ENTRANCES AND APPROACHES The principal entrance lies at the centre of the western boundary with a c 8m wide approach drive leading east-north-east for 160m from the Great North Road where the junction is marked by a pair of low stone piers. The square piers with gabled caps have incised inscriptions, now (2002) worn, with that to the south reading 'St Andrew's and Jesmond Cemetery'. To the east the approach drive terminates at a semicircular carriage turn immediately west of an entrance lodge. At the head of the drive the lodge incorporates a porte-cochère with low Tudor-style arches with drip moulds which gives access into the cemetery. The lodge is in random stone with ashlar dressings below steep, blue fish-scale slated gable roofs. A tall first-floor gable above the porte-cochère is adjoined to the north by a slightly larger gable wing, with canted ground-floor bays to the west elevation, and to the south by a one and a half-storey wing with low eaves and small first-floor dormers. The porte-cochère is axial with a main drive dividing the cemetery from west to east. The arrangement of the approach drive and entrance lodge are as indicated on the c 1861 OS map. The design of the lodge dates from 1855 and is by Middleton and Pritchett with possible later amendment by Pritchett.

A second entrance at the centre of the eastern boundary with Tankerville Terrace is also axial with the main drive. This entrance is slightly set back from the road, is flanked by quadrant returns in the boundary wall, and is marked by C19 wrought-iron gates flanked by stone piers with gabled caps. This entrance is not indicated on the 1861 OS map and appears to be a later C19 addition.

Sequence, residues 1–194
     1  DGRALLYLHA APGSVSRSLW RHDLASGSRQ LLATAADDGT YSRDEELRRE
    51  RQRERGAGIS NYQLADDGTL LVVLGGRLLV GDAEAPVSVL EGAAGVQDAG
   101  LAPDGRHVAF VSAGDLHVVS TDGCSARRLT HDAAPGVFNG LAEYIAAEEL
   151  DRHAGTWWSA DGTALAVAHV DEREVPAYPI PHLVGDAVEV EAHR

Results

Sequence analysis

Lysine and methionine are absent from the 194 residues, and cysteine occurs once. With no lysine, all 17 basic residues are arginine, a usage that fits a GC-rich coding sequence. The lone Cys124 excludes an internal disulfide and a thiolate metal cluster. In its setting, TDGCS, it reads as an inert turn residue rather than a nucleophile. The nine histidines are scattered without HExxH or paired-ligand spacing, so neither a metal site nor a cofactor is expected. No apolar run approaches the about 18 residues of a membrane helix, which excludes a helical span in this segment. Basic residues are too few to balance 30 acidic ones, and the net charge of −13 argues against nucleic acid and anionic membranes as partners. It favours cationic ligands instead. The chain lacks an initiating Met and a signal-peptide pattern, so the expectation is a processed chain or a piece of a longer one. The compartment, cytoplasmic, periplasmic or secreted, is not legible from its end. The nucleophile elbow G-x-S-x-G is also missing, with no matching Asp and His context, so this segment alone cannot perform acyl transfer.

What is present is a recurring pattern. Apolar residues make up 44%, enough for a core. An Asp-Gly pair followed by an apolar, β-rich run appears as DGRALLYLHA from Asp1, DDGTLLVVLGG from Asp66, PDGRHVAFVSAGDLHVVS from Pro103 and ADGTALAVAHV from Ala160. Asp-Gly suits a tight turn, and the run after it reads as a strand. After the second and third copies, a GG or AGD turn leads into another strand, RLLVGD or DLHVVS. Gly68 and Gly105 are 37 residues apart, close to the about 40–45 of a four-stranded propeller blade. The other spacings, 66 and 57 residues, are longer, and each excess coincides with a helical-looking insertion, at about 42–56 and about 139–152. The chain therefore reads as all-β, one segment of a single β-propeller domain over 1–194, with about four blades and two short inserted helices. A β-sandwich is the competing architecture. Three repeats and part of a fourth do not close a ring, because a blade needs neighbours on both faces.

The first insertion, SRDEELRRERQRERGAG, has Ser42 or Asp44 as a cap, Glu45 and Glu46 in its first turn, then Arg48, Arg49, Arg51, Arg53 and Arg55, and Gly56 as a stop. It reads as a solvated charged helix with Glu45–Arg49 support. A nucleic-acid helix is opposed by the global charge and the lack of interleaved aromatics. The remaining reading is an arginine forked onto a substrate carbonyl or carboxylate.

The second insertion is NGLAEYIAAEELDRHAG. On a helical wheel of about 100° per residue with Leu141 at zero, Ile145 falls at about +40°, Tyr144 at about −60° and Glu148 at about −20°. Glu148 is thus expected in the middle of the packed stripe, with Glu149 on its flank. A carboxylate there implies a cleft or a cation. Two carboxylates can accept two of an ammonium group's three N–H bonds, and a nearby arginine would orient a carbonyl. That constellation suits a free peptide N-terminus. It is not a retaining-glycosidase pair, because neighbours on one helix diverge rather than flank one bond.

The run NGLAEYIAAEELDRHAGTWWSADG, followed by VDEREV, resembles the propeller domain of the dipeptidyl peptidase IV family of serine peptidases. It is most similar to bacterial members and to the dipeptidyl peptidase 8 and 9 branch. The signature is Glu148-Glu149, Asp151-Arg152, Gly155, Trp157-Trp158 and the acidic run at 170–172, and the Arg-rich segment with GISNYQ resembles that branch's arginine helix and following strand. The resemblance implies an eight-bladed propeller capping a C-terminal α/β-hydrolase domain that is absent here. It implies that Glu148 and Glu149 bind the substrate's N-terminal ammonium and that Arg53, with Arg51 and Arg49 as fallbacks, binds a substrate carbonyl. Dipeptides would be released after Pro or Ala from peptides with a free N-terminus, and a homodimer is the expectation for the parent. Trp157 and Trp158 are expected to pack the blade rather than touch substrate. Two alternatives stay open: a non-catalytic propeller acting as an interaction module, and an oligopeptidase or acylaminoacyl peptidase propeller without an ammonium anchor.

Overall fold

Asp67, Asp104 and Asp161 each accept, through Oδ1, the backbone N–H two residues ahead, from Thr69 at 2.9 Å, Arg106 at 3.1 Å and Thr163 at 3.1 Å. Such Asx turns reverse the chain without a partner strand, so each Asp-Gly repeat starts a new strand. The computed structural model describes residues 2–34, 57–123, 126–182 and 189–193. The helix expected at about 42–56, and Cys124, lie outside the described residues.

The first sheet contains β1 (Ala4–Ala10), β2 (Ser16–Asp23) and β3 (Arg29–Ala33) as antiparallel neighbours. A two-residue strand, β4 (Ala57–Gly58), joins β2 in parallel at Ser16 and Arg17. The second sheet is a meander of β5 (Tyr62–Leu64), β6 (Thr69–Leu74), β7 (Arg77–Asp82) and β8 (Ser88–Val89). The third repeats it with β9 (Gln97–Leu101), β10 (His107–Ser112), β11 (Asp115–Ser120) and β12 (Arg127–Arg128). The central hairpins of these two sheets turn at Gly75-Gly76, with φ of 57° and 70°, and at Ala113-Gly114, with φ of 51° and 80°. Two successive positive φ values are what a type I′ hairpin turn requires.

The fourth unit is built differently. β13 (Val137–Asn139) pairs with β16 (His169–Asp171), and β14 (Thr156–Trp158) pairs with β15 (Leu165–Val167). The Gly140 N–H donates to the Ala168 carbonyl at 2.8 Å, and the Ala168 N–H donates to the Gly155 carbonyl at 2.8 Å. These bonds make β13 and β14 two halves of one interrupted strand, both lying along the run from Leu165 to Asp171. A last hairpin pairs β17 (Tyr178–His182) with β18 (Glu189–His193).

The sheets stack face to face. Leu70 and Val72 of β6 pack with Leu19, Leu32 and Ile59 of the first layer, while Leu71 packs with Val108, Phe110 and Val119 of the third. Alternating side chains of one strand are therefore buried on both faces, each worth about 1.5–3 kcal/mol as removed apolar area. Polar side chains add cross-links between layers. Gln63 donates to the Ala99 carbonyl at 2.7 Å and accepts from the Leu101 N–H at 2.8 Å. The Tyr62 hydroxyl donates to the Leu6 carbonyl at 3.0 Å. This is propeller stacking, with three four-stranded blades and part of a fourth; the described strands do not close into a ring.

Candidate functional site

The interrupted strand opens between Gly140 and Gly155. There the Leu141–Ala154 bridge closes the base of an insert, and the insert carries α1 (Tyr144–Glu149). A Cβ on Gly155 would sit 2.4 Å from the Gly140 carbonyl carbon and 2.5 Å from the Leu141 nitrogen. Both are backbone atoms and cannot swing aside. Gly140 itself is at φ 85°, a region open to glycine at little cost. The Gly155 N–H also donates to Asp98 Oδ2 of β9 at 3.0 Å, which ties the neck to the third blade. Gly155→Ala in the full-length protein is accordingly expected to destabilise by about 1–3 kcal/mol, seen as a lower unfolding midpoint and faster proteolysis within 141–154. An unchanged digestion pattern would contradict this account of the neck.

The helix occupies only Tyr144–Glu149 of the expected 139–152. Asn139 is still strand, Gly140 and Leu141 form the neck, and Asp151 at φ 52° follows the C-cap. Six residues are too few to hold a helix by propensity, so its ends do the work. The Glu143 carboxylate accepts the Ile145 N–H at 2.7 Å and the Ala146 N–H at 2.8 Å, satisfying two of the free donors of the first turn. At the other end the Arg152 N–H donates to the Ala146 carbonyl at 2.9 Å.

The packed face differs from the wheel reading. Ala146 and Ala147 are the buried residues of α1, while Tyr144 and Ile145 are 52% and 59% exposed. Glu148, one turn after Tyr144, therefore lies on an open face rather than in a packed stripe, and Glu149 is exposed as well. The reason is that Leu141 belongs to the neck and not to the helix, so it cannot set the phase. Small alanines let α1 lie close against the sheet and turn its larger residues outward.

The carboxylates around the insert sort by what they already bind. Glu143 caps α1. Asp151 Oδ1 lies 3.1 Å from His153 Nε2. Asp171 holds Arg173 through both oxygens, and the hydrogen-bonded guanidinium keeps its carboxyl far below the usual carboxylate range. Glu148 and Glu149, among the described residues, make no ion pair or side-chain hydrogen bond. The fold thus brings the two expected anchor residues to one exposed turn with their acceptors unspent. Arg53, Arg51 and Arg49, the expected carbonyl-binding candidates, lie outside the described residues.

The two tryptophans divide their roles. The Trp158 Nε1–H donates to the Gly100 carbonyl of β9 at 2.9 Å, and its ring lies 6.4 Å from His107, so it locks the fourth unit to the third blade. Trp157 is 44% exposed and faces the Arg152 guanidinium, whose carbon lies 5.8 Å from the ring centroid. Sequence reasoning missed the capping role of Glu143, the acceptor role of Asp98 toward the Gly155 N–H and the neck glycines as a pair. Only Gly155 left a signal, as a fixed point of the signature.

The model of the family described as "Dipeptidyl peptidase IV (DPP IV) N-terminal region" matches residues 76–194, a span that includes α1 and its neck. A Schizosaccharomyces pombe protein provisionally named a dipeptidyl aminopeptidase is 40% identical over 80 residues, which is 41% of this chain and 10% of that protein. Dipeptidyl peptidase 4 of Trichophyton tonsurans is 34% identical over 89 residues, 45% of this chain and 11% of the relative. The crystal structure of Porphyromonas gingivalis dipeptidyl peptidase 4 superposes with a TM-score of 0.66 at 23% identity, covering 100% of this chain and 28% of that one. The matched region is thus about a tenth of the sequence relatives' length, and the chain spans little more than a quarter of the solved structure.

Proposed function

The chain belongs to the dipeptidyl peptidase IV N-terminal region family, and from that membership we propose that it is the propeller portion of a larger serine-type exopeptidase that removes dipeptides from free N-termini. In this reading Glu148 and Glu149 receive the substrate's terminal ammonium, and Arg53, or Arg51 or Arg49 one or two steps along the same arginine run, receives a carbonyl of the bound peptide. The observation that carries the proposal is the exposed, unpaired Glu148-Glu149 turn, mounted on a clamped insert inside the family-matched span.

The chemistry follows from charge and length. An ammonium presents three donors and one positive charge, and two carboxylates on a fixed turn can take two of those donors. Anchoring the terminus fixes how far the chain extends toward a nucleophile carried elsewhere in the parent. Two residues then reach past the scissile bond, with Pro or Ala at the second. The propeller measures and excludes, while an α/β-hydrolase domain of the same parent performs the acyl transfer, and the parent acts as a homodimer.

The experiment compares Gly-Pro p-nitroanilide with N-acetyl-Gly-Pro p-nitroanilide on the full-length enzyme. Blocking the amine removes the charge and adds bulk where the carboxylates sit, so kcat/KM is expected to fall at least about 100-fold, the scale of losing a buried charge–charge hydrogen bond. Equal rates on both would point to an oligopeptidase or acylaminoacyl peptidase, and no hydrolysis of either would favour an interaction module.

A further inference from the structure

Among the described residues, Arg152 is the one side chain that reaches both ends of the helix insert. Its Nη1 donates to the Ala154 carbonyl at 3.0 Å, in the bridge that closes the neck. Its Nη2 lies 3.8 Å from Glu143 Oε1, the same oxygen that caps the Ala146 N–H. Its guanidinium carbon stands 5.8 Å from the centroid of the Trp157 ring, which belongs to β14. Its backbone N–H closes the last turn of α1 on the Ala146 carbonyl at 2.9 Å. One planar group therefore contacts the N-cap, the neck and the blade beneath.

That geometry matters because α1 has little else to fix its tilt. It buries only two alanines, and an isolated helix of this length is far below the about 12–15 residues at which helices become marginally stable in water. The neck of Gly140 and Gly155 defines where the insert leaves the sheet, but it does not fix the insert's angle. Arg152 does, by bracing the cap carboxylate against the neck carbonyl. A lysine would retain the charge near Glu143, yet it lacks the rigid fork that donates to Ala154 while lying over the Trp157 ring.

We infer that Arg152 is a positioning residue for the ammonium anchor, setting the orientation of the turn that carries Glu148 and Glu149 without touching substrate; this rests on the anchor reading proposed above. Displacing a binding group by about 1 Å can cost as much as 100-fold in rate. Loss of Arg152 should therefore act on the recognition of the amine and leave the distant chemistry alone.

At the centre of the northern boundary is a service access from the head of Brentwood Avenue. This entrance is marked by late-C20 gates and is an addition of similar date.

PRINCIPAL BUILDINGS Some 70m east of the principal entrance two cross-axial paths lead off the main drive to north and south forming approaches to the Nonconformist and Church of England chapels respectively. The chapels are sited 75m apart and this arrangement is very probably an amendment of the original design proposal resulting from the objection of the Bishop of Durham. The small Gothic-style chapels, of similar design, are in random stone with ashlar dressings below blue fish-scale slate roofs and each has a gabled entrance porch and a short tower. The nave of the northern chapel is orientated north/south and that of the southern chapel east/west. The design of the chapels dates from 1855 and is by Middleton and Pritchett with possible later amendment by Pritchett. The towers may have been altered at a later date with top sections removed.